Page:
Vicki Kelley, PhD

Brigham and Women’s Hospital, Boston, MA

2007 Environmental Triggers, Skin

Vicki Kelley, PhDWhile scientists have long known that sunlight’s ultraviolet rays can trigger cutaneous (skin) as well as systemic lupus in some people, it’s been unclear exactly how this happens.

Dr. Kelley was awarded Lupus Research Institute funding to explore her novel idea on exactly HOW sunlight exposure triggers skin and systemic lupus.

She started out with early evidence that ultraviolet light (UVB) stimulates the skin to produce a factor that recruits white blood cells. Using specially developed animal models, Dr. Kelley examined whether UVB-induced production of this factor in the skin leads to lupus.

Discovery

Just a year after receiving her LRI grant, Dr. Kelley reported an important finding in November 2008’s Journal of Immunology, showing that the damaging sequence is triggered when sunlight stimulates the skin to produce something called Colony Stimulating Factor 1 (CSF-1).

She and colleagues showed that once CSF-1 is produced, it then recruits and modifies white blood cells, which in turn stimulates the most common form of skin lupus in genetically susceptible individuals: the red, scaly and inflamed lesions of discoid lupus that can permanently damage and scar the skin.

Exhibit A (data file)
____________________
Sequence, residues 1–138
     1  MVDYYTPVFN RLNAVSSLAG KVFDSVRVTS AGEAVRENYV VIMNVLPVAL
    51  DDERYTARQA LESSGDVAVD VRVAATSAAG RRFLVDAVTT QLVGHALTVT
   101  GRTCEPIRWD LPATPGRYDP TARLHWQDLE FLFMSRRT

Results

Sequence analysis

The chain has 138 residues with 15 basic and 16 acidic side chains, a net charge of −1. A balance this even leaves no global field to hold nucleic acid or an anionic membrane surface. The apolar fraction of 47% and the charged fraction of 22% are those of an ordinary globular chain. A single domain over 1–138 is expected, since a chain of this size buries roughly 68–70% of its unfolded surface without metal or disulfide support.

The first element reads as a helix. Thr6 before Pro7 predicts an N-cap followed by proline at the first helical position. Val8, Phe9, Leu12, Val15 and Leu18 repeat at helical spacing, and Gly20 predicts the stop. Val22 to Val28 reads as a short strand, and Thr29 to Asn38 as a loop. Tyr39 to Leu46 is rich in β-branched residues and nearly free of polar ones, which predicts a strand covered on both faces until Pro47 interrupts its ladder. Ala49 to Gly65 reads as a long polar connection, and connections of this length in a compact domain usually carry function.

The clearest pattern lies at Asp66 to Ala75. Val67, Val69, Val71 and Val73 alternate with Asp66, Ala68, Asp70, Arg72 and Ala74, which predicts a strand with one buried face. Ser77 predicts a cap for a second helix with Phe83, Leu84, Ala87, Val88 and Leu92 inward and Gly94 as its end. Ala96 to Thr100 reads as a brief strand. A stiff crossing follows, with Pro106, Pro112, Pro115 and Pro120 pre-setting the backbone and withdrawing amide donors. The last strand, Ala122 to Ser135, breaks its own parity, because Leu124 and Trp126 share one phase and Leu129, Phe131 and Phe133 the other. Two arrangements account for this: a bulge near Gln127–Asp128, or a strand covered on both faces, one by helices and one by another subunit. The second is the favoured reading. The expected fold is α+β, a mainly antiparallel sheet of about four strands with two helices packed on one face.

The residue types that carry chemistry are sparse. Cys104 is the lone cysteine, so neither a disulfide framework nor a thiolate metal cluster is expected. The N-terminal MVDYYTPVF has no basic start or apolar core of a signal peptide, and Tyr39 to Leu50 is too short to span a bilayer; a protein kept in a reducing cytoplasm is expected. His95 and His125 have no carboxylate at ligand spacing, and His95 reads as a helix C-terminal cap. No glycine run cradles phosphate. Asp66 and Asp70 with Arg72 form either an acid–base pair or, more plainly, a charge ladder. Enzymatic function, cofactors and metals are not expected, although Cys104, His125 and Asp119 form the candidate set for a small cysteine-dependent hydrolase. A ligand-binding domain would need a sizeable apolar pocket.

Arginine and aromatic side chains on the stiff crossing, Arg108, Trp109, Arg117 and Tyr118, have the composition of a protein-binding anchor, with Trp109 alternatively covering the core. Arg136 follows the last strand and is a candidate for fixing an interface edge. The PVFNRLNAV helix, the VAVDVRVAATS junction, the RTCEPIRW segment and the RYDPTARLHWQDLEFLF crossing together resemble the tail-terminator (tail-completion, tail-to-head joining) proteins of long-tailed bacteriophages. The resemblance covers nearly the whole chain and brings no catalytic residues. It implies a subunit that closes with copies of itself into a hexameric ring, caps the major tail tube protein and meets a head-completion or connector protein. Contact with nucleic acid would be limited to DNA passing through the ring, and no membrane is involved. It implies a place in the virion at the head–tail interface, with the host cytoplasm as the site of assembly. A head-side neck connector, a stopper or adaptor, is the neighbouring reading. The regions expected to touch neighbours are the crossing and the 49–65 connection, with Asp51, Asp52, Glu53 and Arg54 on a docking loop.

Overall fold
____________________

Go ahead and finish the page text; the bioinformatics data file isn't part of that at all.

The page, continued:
Dr. Kelley and colleagues are currently validating their findings in people with cutaneous lupus—the research was originally done in mice—and are also examining what role UVB-induced CSF-1 plays in triggering multi-organ “systemic” lupus (particularly lupus-related kidney disease).

She also is working to identify the genes a person inherits from their parents to make them susceptible to skin lupus in the first place—the “tinder”—as described in the journal article, which is then triggered by “the match” of CSF-1.

Exciting future studies are being planned, she said, to explore whether blocking CSF-1 with a topical (skin) lotion or other agent might provide greater therapeutic benefit than commercially available sunscreens that people with lupus currently use to protect themselves from sun exposure.

Notably, the Journal’s cover featured an image from Dr. Kelley’s research—a high-power photo of cutaneous lupus (discoid lupus) in the mouse.

Select publications:

Sunlight triggers cutaneous lupus through a CSF-1-dependent mechanism in MRL-Fas(lpr) mice. Menke J, Hsu MY, Byrne KT, Lucas JA, Rabacal WA, Croker BP, Zong XH, Stanley ER, Kelley VR. J Immunol. 2008 Nov 15;181(10):7367-79.